EEB calls for greater groundwater protection

European environment ministers are being asked to ensure that Europe's groundwater is given the strongest possible protection ahead of the final Environment Council meeting of the Luxembourg Presidency.

Groundwater provides two-thirds of all drinking water in Europe as well as a habitat for essential wildlife.

At the meeting, groundwater is one of the main topics for discussion and Ministers will agree on new legislation to protect groundwater supplies from pollution by fixing common criteria concerning quality standards.

Some outstanding points remain to be decided, however, particularly over nitrate levels.

However, the EEB warns that the draft text being used for discussion would substantially weaken the EU's 25 year old protection scheme.

"Instead of improving protection of groundwater, some Member States are trying to sanction outgoing pollution. This is a scandal," said Stefan Scheur, EEB Policy Director.

"Once groundwater is polluted it can take decades or centuries to recover. This causes severe problems, including low quality and expensive drinking water and loss of biodiversity. Environmental organisations expect Ministers to clearly support prevention of chemicals getting into groundwater."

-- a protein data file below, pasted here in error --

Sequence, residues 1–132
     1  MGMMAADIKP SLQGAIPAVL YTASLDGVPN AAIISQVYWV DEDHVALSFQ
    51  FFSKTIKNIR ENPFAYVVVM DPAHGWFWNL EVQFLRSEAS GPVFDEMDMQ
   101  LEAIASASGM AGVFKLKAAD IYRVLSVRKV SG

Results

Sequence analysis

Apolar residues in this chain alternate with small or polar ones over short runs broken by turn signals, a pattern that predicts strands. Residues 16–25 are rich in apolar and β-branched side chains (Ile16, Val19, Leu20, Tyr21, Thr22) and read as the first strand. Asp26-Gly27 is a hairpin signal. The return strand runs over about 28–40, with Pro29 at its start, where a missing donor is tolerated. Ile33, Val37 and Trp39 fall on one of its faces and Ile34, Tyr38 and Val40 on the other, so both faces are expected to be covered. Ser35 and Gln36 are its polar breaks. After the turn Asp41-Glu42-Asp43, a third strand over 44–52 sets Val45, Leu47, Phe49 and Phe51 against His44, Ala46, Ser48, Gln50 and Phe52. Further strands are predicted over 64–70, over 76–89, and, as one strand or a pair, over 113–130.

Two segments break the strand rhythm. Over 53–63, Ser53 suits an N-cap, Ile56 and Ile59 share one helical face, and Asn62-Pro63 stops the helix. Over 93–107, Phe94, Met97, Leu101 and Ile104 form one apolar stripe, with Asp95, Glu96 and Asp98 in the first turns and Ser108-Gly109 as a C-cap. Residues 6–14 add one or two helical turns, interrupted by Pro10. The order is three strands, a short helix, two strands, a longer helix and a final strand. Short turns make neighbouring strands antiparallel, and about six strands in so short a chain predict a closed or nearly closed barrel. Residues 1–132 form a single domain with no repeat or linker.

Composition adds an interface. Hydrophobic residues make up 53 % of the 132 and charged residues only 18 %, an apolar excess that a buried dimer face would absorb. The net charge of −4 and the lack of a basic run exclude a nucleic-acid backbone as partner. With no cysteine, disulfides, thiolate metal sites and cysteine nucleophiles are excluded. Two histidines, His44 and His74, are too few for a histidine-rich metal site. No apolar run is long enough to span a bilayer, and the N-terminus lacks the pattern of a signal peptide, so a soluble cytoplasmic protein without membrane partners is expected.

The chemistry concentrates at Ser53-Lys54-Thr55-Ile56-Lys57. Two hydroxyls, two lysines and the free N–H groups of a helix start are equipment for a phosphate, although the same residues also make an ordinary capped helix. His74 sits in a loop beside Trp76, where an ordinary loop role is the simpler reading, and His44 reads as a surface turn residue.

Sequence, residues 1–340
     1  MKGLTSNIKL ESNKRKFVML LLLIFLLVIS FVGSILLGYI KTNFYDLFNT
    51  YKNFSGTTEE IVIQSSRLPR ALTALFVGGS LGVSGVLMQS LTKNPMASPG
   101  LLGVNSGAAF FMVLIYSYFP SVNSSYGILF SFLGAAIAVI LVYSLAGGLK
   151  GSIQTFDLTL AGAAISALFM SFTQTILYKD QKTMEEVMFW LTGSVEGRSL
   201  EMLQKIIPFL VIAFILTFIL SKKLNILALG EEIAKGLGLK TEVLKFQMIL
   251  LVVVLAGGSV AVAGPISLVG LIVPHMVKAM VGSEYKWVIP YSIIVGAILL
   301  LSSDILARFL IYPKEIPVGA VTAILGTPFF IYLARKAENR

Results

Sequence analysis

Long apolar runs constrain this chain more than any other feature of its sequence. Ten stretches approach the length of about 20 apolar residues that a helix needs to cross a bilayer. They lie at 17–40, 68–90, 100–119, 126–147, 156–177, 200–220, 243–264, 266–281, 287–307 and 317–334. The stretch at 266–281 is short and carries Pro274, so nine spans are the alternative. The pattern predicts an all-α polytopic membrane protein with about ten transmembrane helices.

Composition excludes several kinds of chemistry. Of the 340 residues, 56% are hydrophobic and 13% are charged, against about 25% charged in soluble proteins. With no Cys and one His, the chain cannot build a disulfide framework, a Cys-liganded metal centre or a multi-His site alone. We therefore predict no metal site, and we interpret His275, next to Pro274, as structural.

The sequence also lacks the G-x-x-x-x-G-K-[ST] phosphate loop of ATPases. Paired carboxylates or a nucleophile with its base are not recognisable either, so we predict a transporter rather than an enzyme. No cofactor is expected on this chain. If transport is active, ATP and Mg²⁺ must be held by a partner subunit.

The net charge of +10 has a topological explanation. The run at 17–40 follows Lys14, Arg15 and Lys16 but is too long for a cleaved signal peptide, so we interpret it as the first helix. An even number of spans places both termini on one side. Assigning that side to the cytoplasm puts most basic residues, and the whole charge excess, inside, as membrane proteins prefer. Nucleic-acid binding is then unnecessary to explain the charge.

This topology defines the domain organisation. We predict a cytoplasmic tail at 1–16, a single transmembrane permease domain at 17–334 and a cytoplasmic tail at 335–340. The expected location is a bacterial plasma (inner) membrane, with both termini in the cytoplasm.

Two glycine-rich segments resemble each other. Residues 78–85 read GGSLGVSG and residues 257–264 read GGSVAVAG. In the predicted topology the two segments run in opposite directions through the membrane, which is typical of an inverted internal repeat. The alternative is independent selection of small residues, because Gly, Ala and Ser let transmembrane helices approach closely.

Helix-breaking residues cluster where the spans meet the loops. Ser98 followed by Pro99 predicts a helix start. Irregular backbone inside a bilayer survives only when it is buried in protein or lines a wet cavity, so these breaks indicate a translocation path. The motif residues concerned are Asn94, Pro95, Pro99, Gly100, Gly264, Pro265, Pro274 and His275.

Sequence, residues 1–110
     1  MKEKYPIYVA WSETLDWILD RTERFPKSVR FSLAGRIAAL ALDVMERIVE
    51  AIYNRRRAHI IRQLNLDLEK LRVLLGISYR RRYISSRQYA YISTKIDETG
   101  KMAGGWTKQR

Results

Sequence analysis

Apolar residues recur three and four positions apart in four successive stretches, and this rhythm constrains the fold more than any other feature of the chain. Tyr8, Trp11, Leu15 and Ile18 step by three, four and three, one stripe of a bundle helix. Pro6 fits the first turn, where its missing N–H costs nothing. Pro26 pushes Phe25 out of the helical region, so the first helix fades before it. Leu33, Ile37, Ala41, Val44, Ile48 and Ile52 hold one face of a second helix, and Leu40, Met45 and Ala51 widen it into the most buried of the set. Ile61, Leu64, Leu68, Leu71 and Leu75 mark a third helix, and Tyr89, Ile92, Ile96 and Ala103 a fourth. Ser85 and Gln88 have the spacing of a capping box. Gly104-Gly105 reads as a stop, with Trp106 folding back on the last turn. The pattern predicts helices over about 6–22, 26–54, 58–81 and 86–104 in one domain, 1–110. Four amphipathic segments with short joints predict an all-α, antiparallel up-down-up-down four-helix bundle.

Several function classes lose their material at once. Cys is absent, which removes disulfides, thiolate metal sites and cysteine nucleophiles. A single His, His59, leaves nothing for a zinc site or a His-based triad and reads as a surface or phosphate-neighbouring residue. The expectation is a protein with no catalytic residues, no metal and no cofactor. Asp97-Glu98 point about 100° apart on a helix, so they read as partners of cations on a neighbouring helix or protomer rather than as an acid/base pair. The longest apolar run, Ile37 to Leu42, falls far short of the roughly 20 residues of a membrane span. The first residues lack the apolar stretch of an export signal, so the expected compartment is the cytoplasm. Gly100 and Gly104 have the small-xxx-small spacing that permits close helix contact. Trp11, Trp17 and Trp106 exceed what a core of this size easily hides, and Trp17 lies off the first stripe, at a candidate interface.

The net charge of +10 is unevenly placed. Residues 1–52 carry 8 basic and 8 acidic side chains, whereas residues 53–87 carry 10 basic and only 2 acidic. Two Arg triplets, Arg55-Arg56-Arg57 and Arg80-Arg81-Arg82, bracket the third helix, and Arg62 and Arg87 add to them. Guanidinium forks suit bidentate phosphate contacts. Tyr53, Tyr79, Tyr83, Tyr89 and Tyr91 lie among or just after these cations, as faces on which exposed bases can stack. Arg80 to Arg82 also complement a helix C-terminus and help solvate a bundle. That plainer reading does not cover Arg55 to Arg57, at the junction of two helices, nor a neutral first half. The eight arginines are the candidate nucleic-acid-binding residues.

According to the EEB the draft text adds new exemptions that would further reduce the controls currently provided by the existing Groundwater Directive and the Water Framework Directive.

Specific exemptions for heavy metals, diffuse sources of pollution, or certain activities such as dredging, are unlawful under current EU groundwater protection provisions. The EEB is concerned that they will now be allowed by the new Directive.

The group calls for a clear obligation to prevent the input of all hazardous chemicals into groundwater whatever their source.

"The Council's draft text represents a clear back-tracking of environmental protection," Scheur added. "This has nothing to do with simplifying legislation or better governance, but shows a lack of vision and ambition."

The Environment Council is meeting on June 24th and will also be discussing REACH, ship dismantling, mercury pollution and GM crops.

By David Hopkins



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